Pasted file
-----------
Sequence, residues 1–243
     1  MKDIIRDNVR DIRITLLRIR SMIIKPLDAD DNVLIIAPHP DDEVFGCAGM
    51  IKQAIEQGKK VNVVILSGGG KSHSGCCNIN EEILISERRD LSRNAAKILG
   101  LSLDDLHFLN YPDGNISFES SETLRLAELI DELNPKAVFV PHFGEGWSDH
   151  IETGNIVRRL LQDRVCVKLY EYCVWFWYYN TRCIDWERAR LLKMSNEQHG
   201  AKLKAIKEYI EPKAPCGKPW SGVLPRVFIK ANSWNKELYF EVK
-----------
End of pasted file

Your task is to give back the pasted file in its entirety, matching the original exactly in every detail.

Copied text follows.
Sequence, residues 1–243
     1  MKDIIRDNVR DIRITLLRIR SMIIKPLDAD DNVLIIAPHP DDEVFGCAGM
    51  IKQAIEQGKK VNVVILSGGG KSHSGCCNIN EEILISERRD LSRNAAKILG
   101  LSLDDLHFLN YPDGNISFES SETLRLAELI DELNPKAVFV PHFGEGWSDH
   151  IETGNIVRRL LQDRVCVKLY EYCVWFWYYN TRCIDWERAR LLKMSNEQHG
   201  AKLKAIKEYI EPKAPCGKPW SGVLPRVFIK ANSWNKELYF EVK